In the case of hippocampus function in Down Syndrome, it has been clearly demonstrated that individuals with Down Syndrome have deficits in paired associate learning on the CANTAB PALs. So, why do we not see paired associate learning test in the Down Syndrome model mice? Object-location paired associate tasks exist in spades for rats and have been modified for mice on numerous occasions. At present, a virtual reality based water maze is used to test spatial navigation individuals with Down Syndrome, but the data are still unclear as to the deficits. I think the big difference between the virtual and real water maze is the fact that the human populations do not have to escape deep water onto a platform, so there may be dramatic effects of anxiety confounding the behavior of the mice compared to the human performance. As such, I propose a dry land water maze as a more optimal task for the Down Syndrome mouse model-a task that has been in use since the late 1980s in rats and early 2000s in mice. Moving beyond the human data, it has been suggested that there is excessive inhibition in the dentate gyrus in Down Syndrome, so why not use tasks that require pattern separation: both in the mouse as well as human Down Syndrome populations?
Similarly, there are a few cerebellar tasks in use for Down Syndrome, mainly focusing on finger usage and sequence learning (sequence of finger taps, etc). Well, in mice we can do fairly well mimicking these tasks using very etymologically valid tests in mice. There is a test wherein the mouse is required to simply eat a small piece of dry capellini or else to shell sunflower or other seeds. Simply looking at a high speed camera recording of the animal’s behavior is sufficient to see if there are abnormal digit use or movements. In fact, simply recording grooming can provide a trove of useful cerebellar function related data. Additionally, one can use a skilled forelimb reaching task of some type to further assay cerebellar function (and cerebellar-cerebral connectivity) in the mouse.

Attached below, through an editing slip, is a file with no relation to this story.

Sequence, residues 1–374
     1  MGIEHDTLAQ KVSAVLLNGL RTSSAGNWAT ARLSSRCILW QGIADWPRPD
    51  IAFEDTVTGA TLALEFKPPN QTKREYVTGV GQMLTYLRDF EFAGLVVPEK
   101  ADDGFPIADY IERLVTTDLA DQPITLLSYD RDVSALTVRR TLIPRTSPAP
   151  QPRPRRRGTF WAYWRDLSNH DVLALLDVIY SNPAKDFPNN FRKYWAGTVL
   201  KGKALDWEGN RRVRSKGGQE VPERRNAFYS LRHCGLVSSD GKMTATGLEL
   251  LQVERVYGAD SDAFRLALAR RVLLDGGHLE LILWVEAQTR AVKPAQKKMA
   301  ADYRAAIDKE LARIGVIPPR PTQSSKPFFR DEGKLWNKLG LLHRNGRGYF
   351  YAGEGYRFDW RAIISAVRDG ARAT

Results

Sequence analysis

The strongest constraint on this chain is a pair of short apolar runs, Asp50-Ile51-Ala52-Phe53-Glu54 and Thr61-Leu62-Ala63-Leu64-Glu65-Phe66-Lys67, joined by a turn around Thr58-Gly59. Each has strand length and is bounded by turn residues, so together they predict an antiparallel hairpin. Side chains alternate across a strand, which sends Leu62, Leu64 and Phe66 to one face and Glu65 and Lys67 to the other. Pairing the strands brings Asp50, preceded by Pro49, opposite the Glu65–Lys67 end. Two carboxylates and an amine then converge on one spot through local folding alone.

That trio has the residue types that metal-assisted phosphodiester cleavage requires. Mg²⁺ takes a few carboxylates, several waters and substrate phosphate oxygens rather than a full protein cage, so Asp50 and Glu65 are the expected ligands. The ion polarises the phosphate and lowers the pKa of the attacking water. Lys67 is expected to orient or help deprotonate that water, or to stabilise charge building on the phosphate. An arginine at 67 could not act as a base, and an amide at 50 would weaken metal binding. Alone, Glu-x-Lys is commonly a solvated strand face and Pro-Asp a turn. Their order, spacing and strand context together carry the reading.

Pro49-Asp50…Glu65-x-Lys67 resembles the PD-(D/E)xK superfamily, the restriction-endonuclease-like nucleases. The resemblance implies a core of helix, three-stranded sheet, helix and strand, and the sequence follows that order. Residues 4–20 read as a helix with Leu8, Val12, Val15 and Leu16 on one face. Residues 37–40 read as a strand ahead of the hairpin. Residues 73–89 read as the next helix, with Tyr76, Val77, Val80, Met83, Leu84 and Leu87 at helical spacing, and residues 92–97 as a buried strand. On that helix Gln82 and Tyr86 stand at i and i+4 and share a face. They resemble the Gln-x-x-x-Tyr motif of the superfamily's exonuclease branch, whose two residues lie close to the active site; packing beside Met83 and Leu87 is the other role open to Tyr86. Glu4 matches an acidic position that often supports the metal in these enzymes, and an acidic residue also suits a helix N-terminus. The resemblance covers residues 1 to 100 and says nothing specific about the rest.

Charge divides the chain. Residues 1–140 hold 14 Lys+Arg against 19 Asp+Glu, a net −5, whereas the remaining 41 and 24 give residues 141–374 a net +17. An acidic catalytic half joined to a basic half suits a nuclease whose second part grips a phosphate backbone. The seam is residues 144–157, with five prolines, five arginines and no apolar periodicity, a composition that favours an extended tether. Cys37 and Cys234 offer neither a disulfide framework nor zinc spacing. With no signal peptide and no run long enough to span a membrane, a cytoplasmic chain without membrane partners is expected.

For executive functional deficits in Down Syndrome, researchers use a rule switching task (intra and extra dimensional set shifting to be more precise). These do exist for mice, and at differing levels of difficulty and complexity. In fact, a collaborator of mine has been using a set shifting task with differing reward contingencies (80% reward /20% unrewarded choices instead of 100% rewarded) to phenocopy the data reported for autism spectrum disorders in the BTBR mouse model.
As you can see, it is clear that there are tasks available for use in mouse models that can provide meaningful data to inform research in the human population. In my opinion, it is often the stubbornness of us animal researchers that we do not reach out to the clinic for research ideas and rather just try to creatively interpret the tasks we always use anyway differently for each disease model we test. I do not know if the results of the study that brought us here are valid and will serve as a treatment option in the future, what I do know is that I will have much more confidence in the data if the behavioral tasks are chosen with the clinical population in mind.
TL;DR. Moving forward, we are going to have to do a better job of modeling human behavior in our mouse models. But to do this, we need to swallow our pride and talk to clinicians and take their advice as to what we should test seriously. Doing so will make our results more easily applicable to human disease. It will also allow research on animal models to actually inform, rather than distract from, human disease research.